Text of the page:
Monday, October 8, 2012

Review: The Mask of Motherhood by Susan Maushart

Thought I'd add a little personal touch -- this is me at 26 weeks pregnant
The Mask of Motherhood: How Becoming a Mother Changes our Lives and Why We Never Talk About It

Reviewed by Connie

Published: 1999

It's about: The Mask of Motherhood is a series of critical essays examining the physical, emotional, and psychological effects that motherhood has on women. Its premise is that we have a cultural taboo against discussing any of these radical changes, so new mothers are entering this transformational period completely unprepared for what lies ahead. Different essays specifically examine pregnancy, child birth, breast feeding, new motherhood, the juggling act, and marital relationships.

I thought: I cannot believe I only found this book because I stumbled across it in a thrift store and thought it looked interesting. Why has no one ever told me about this book before? Why has no one ever shoved a copy in my hands and forced me to read it?

As an expecting new mother, I have found myself feeling rather ambivalent about the drastic changes that are about to take place in my life and marriage. At times, I am unbelievably excited and can't wait to hold my baby boy in my arms for the first time. Yet there are plenty of other times I am so overwhelmed and overcome by anxiety that I can't sleep for nights on end, and just the sight of a onesie or a pacifier makes me sick to my stomach with worry.

Up until this point, I have found most resources for new mothers unhelpful, to say the least. Most of them are split into two camps -- 1. the motherhood is so beautiful, babies are such miracles, and when the baby comes, all is wondrous and glorious, and there are lots of rainbows; or 2. motherhood is the most difficult and least rewarding thing a woman can ever do; it's really hard, and it mega sucks. The former seems ridiculous and unrealistic; the latter, hyperbolic and unnecessarily negative.

Somehow, this book strikes a cord somewhere between the two. Maushart manages to communicate the extreme and unexpected difficulties of pregnancy, childbirth, and mothering while not stripping motherhood of its due credit or praise. In other words, somehow Maushart is simultaneously brutally honest and empowering and comforting.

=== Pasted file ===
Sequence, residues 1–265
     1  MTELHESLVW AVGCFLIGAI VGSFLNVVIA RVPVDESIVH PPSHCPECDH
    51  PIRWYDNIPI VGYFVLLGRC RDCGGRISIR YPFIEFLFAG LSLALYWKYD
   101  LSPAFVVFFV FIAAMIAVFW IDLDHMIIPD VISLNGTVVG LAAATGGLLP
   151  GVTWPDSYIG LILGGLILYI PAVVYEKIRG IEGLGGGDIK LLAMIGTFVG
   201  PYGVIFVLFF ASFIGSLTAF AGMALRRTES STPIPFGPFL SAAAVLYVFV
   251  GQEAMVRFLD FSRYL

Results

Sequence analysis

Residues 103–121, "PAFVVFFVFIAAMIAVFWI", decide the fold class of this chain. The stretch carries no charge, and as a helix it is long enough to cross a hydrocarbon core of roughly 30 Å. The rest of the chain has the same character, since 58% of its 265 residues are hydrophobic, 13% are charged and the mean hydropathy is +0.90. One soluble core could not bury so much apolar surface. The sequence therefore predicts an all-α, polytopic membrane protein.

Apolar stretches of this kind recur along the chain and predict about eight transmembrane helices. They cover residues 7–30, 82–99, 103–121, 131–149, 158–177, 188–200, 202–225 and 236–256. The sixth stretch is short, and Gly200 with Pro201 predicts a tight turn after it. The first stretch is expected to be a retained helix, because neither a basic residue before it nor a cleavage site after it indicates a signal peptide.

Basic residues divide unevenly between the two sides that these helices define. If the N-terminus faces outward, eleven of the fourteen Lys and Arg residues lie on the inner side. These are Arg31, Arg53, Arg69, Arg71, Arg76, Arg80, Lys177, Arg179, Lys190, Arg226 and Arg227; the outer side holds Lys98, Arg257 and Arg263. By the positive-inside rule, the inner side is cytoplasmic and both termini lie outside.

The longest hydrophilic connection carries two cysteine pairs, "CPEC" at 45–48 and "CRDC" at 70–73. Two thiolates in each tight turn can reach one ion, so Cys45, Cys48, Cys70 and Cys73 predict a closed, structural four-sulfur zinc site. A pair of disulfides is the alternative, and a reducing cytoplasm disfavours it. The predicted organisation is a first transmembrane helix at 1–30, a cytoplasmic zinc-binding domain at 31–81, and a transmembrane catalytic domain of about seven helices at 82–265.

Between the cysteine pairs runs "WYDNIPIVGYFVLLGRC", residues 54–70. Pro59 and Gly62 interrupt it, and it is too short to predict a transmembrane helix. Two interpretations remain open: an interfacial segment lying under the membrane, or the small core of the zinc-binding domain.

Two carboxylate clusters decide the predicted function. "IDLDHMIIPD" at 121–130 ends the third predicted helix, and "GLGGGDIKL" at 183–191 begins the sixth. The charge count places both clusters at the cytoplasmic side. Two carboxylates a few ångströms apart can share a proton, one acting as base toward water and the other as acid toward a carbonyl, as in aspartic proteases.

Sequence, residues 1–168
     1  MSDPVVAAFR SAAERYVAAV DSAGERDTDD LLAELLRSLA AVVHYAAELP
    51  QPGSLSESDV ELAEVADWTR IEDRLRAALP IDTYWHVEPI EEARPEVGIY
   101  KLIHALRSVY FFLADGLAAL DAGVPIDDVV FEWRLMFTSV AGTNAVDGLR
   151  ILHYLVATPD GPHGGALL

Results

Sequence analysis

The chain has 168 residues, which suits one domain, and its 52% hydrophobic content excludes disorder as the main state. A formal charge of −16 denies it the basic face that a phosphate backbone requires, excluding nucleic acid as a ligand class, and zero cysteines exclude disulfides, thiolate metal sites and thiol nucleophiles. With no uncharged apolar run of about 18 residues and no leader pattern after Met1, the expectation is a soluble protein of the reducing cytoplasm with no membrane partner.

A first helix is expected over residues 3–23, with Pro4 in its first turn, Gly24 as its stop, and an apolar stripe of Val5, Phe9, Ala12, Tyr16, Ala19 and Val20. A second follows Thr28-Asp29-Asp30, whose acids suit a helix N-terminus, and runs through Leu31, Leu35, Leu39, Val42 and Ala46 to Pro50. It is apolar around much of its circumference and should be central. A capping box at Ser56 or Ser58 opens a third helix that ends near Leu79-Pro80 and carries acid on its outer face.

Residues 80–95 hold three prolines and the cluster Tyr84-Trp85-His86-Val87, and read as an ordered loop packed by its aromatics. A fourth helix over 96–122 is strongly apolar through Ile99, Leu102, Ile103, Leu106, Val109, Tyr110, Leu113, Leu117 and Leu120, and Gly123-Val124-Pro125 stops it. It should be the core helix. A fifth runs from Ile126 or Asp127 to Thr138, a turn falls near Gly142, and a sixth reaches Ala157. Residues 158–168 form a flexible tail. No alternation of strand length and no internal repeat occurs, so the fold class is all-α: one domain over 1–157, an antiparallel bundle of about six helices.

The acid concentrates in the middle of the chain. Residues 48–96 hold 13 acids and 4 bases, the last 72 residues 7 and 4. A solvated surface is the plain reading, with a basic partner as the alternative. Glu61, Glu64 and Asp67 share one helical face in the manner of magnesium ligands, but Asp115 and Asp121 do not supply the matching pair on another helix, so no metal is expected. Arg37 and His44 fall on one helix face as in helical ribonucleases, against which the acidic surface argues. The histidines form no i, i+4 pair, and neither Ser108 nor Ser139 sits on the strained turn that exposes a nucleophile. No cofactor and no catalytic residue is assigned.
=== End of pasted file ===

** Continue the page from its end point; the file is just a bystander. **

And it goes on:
Plus, though it's a series of critical essays, Maushart mixes in plenty of personal anecdotes and humor to make this very readable. I don't necessarily agree with all of her assertions, but it is a thought-provoking, well-researched book well worth a read. As it was published in '99, many of the statistics are over 10 years old, but I think the issues discussed are still very much relevant to the struggles of mothers today.

All in all, this book has better emotionally prepared me for motherhood than all other resources I've encountered -- combined.

Verdict: Stick it on the shelf. Just as I believe We: Understanding the Psychology of Romantic Love is a must-read for any person who enters marriage or a serious relationship, I think this book is a must-read for any woman considering motherhood. I suspect it would be a useful read for those who are already mothers as well.

Reading Recommendations: Just read it. Just do it. And then give it to all your expecting friends.

Warnings: none

Favorite excerpts:
"Professionally, financially, socially, and spiritually we are primed for achievement. The more we can do, the more we should do. But the more we do, the worse we feel. And the sillier we look. It is surely worthy of note that the word contemporary women use more than any other to describe the management of their lives is the verb 'to juggle.' The women Friedan described felt as if their lives had been tranquilized... For women in the 1990s, by contrast, life is hyper-caffeinated; it's going so fast we can't assimilate it, let alone enjoy it. Yet when things slow down, we go into withdrawal, panicking that we must be somehow missing out. We are indeed the generation of 'women who do too much.'"

"Childbirth is one day, more or less, in a woman's life; motherhood is forever. Yet like gawkers at the empress's new maternity outfit, we steadfastly resolve not to notice. Other observers have noted that we devote more care to the licensing of automobile drivers than we do to preparing adults for parenthood. It's a point worth pondering. Limiting our education for parenthood to prenatal classes is a bit like limiting driver education to defensive strategies for getting out of the driveway. No one would dispute their usefulness, but they can only take you so far."

"To see motherhood properly, I am convinced, is to see it heroically, which means making full acknowledgment of the pain, the dangers, and the risks and taking the full measure of glory for its exquisite rewards. When we consider the inaugural maternal experience -- the journey we call childbirth -- the epic nature of the undertaking emerges with startling clarity. The drama of childbirth foreshadows both the pain and the power implicit in the journey ahead. Thus, it can function as a kind of prism through which the wider experience of motherhood is refracted."

What I'm reading next: The Return of the Native by Thomas Hardy